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The SS Tubantia was built as a luxury passenger liner for Koninklijke Hollandsche Lloyd (Royal Holland Lloyd) shipping line, and performed a regular service between Amsterdam and Buenos Aires. Together with her sister ship SS Gelria she was the largest ship using Amsterdam as a home port. When she was built, she cost around 300.000 British pounds, and made extensive use of electricity onboard, making her one of the most luxurious ocean liners of the era.

After the outbreak of World War One, even though the Netherlands was a neutral party, passengers were hesitant to make transatlantic voyages, and the amount of passengers declined significantly. Because of this, the Tubantia was only carrying 80 passengers on her final voyage, out of a possible 1.477.


On the night of 15 March, 1916, she departed from Amsterdam, bound for Buenos Aires. Due to heavy fog, and the danger of the seaways, the Tubantia dropped anchor about 50 nautical miles off the coast of the Netherlands at about 2:00 A.M. to wait for the safety of daylight. At 2:30, members of Tubantia's crew spotted a stream of bubbles rapidly approaching the ship's starboard side. The bubbles were shortly followed by an explosion. Distress calls made by the sinking ship were answered by Dutch vessels, and all 80 passengers and 194 crew members were rescued before the Tubantia sunk four hours after the mysterious explosion, making her the largest neutral vessel sunk during the entire war.

Original print of the SS Tubantia, Royal Holland Lloy. Colour postcard of the Koninklijke Hollandsche Lloyd sister ships Gelria and Tubantia

Wikimedia Commons

Postcard of the Royal Holland Lloyd sister ships SS Gelria and Tubantia, published by the shipping line.

The aftermath

The sinking of the Tubantia led to a political struggle between the countries involved, the Netherlands on one side and Britain and Germany on the other, as neither of these two wanted to be seen as the aggressor against a neutral country, and the Netherlands wanted their neutrality in the war honored by those involved.

Germany was the first to react, proclaiming that the Tubantia must have been sunk by a British mine. Britain, not to be outdone, reacted by stating that a German torpedo must have been at fault. Germany concluded that if it had been a torpedo that had sunk the ship, it must have been a British one. It wasn't until a lifeboat from the Tubantia was recovered that the mystery was solved - the lifeboat contained bronze pieces from a torpedo, and as Germany was the only nation using bronze in their torpedoes, it was concluded that it was indeed a German weapon that sunk the ship.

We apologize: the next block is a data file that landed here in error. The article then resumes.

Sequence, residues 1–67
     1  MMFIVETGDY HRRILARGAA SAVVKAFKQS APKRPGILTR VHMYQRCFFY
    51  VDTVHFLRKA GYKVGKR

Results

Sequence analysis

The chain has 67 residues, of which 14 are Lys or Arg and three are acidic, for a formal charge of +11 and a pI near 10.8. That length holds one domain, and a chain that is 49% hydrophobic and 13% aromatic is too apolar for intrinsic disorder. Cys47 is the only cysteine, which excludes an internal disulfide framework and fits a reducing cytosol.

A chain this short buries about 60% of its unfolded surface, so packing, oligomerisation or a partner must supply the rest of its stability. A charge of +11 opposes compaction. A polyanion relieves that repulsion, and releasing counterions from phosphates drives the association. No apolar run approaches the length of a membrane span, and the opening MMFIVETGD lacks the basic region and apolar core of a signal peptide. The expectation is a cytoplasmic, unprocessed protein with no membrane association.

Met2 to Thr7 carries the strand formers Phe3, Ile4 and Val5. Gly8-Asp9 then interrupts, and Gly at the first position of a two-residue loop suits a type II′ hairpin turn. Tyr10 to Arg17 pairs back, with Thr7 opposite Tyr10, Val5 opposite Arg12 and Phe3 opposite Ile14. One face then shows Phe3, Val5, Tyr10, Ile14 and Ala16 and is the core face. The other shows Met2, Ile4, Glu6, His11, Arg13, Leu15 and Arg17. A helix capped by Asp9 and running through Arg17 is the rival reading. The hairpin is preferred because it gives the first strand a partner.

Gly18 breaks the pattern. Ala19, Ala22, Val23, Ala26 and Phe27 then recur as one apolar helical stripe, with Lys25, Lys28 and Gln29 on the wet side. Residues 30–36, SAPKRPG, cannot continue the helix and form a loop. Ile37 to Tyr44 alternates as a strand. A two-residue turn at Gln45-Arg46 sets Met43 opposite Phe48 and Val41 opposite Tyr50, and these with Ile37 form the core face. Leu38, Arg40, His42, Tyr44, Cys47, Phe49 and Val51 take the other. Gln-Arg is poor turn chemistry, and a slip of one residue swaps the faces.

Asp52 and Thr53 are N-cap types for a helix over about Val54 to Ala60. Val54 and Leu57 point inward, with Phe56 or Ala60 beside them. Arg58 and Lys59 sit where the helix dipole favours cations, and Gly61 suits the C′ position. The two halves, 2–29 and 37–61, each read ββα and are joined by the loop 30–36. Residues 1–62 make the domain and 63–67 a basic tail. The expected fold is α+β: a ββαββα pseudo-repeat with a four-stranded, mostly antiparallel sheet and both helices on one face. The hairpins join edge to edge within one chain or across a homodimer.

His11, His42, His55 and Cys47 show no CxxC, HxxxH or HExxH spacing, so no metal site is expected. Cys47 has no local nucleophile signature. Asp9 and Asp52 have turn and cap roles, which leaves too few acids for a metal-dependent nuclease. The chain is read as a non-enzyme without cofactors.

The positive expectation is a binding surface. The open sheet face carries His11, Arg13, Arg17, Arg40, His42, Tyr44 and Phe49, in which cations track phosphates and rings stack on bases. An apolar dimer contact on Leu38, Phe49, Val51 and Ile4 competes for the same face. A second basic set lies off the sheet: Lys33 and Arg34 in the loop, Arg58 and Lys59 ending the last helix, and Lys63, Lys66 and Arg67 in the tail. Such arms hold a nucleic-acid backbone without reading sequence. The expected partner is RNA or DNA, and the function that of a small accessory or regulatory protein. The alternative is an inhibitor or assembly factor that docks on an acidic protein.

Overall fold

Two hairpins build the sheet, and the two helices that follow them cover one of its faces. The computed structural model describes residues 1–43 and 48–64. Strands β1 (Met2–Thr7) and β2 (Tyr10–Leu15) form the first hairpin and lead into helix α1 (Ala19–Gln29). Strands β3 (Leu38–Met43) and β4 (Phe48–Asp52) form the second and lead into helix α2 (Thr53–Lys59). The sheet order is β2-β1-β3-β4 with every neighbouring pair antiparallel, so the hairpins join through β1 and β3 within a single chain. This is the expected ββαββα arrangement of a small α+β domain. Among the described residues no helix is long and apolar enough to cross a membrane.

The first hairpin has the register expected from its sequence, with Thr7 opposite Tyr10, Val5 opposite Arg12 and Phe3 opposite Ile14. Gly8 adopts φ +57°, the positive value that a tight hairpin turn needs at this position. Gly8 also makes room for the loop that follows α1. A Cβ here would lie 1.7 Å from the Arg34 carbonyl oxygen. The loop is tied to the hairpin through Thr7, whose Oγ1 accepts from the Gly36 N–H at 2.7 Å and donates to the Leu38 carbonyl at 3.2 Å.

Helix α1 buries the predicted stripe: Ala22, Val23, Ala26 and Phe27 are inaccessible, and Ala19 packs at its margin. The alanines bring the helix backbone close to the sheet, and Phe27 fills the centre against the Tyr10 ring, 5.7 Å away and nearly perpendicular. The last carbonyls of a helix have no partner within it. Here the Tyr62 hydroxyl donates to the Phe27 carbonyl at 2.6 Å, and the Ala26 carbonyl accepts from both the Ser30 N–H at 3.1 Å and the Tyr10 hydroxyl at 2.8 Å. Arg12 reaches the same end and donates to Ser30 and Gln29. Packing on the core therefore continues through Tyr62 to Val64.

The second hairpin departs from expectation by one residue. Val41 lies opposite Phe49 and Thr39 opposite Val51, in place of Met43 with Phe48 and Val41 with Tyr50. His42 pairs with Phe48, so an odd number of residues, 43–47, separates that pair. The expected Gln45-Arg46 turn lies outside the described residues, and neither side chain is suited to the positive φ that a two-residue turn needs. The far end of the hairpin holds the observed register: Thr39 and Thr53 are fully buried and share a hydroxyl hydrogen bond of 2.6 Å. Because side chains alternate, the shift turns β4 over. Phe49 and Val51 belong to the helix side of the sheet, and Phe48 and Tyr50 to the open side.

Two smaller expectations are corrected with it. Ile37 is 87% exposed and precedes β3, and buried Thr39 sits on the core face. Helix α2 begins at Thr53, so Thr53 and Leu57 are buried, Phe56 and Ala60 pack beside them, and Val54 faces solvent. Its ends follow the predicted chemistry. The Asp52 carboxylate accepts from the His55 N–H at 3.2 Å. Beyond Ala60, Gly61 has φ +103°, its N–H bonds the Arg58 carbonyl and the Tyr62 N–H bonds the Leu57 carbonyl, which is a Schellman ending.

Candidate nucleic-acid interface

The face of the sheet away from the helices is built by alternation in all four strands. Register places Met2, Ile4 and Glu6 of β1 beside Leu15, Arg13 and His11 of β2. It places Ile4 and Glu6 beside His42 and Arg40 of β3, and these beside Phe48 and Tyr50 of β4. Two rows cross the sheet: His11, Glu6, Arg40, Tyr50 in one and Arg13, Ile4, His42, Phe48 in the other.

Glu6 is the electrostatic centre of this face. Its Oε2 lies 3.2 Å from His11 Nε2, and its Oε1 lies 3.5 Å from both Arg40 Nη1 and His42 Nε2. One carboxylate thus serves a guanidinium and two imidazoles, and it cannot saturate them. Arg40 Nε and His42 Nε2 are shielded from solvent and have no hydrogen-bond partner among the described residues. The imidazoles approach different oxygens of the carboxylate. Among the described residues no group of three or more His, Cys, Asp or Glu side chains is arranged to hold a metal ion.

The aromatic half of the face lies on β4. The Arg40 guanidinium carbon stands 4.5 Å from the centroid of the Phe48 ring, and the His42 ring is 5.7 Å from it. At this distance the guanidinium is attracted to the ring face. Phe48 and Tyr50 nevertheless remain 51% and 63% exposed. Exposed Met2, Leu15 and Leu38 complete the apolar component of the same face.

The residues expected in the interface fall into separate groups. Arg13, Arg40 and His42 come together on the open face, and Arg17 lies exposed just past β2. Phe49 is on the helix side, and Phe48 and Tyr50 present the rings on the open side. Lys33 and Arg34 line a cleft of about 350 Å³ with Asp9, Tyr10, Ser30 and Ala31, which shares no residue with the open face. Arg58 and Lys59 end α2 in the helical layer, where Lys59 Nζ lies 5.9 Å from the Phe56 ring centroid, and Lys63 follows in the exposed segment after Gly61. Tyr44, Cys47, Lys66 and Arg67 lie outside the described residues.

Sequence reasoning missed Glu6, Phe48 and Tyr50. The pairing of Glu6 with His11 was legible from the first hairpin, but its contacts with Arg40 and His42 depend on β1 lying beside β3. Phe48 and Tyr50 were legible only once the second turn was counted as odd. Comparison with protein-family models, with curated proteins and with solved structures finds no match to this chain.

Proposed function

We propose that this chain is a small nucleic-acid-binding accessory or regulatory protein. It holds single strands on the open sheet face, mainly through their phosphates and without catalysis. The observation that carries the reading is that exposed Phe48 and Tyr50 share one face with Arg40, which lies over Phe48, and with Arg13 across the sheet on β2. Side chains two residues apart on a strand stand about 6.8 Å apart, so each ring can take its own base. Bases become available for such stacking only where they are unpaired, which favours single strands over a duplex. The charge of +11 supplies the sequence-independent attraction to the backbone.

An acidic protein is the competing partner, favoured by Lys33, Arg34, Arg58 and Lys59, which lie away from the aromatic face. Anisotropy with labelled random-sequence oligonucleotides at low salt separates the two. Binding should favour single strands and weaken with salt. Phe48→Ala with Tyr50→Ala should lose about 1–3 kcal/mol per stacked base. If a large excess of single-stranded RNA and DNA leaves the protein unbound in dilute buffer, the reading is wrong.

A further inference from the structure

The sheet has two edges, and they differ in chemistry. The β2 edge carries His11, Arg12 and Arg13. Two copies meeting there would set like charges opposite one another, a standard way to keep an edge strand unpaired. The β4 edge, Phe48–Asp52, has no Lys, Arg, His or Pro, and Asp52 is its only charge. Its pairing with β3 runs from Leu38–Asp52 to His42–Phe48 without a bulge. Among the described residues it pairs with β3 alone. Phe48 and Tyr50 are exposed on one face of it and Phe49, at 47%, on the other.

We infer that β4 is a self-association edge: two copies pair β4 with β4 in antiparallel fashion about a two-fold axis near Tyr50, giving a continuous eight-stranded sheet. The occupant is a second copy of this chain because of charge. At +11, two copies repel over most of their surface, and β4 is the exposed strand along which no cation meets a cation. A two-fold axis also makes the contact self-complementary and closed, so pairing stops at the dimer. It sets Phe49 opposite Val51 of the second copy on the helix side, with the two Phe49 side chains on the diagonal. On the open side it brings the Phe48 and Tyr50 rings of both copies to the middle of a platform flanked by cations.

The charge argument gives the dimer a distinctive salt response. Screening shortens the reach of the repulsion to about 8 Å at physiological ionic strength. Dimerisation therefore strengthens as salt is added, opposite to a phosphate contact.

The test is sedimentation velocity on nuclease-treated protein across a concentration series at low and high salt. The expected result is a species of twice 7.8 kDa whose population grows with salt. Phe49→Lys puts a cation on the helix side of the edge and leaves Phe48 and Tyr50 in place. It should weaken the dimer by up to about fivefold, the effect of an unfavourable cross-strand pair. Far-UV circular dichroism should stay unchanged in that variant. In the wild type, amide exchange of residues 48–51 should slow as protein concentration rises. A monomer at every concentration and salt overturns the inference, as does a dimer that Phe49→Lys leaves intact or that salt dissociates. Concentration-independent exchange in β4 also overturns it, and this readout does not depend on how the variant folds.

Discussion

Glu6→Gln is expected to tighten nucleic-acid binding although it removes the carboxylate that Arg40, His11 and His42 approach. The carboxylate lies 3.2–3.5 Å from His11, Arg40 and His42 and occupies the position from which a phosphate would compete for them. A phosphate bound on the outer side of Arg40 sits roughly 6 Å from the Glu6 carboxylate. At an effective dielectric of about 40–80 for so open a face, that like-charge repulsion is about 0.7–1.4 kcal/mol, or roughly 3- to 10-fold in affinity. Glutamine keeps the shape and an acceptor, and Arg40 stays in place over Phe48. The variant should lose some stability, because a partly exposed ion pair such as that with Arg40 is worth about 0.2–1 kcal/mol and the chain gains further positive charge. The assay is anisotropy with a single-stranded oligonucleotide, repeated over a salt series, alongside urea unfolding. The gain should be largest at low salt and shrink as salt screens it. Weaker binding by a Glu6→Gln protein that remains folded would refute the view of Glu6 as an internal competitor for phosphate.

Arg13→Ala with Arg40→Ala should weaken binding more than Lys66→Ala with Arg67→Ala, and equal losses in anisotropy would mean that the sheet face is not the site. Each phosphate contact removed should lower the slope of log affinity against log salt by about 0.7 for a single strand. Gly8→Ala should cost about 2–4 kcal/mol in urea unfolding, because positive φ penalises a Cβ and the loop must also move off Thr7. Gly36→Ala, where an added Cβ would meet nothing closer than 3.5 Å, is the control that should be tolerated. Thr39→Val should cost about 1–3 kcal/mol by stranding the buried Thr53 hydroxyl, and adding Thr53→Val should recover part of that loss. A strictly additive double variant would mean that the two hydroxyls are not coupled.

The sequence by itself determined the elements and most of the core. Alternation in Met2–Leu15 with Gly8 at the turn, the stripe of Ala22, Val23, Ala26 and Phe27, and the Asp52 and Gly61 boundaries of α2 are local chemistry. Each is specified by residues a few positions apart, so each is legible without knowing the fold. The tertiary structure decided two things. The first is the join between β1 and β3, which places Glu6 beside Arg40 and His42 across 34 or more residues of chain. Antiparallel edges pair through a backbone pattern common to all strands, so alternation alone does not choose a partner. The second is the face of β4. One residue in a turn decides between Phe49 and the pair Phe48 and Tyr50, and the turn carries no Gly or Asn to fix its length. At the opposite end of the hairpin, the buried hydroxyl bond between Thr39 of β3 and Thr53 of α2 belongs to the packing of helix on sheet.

SS Tubantia, Marien Lindenborn collection via Marhisdata

Marien Lindenborn collection

SS Tubantia, photographer unknown, sourced from Marhisdata.

Even after the discovery that it was indeed a German torpedo that sunk the Tubantia, Germany attempted to downplay their involvement. After the remains of the torpedo were identified as belong to the German vessel UB-13, Germany provided what would prove to be fake logs, asserting that the UB-13 was no where near the Tubantia at the time of the incident. It was Germany's assertion that the torpedo had been fired at a British vessel ten days earlier, missed, and subsequently struck the unfortunate Tubantia.

The Dutch saw this act as a hostile one, leading to a public outcry. To combat the wave of Dutch fury, German officials leaked fake news of an impending British invasion, which lead to a certain amount of panic among the population of the Netherlands.

Despite the denials and attempts at shifting blame, Germany offered recompense for the Royal Holland Lloyd, at the original amount of purchase for the Tubantia. This amount, 300.000 pounds, was denied, and an agreement was reached to have the matter arbitrated after the conclusion of the war. The matter was settled in 1922, and the Royal Holland Lloyd was awarded 830.000 pounds in damages from Germany.

SS Tubantia

Wikimedia Commons

Editorial cartoon by the Dutch artist Piet van der Hem, published in de Groene Amsterdammer (a left-wing periodical) in 1916, decrying the sinking of the SS Tubantia. From the mouth of the creature that resembles the German Kaisar, we see the words 'Es ist nicht war' ('It's not true').


Type: steamer.

Yard: A. Stephen & Sons, Glasgow, yard no. 455.

Crew: 194.

Passengers numbers: 1.477 (252 1st class, 236 2nd class, 135 3rd class, 854 steerage).

 Propulsion: 2 quadruple expansion engines, 2 screws.

SS Tubantia in 1914, source: Wikipedia

Wikimedia Commons

SS Tubantia in 1914.

People on board274
Power1725 hp
Speed16 knots ~ 18 mph (30 km/h)
Length560 feet (170.7 m)
Draft35.1 feet (10.7 m)
Beam65.6 feet (20 m)
Tonnage13911 ton


Salvage attempts were made on the wreck of the Tubantia as early as 1924. A court case resulted from those attempts that still serves as the authority under English law regarding the salvage of shipwrecks.

There have been many salvage attempts since then. Some teams have even used dynamite to tear apart the hull, as the Tubantia is rumored to have carried around two million pounds worth of gold at the time of her sinking. None of the salvage teams have ever found any gold, however, and have only managed to destroy part of the structure of the remains.

Multibeam image of the SS Tubantia wreck site, source: MACHU


Multibeam image of the SS Tubantia wreck site. Source: MACHU database.


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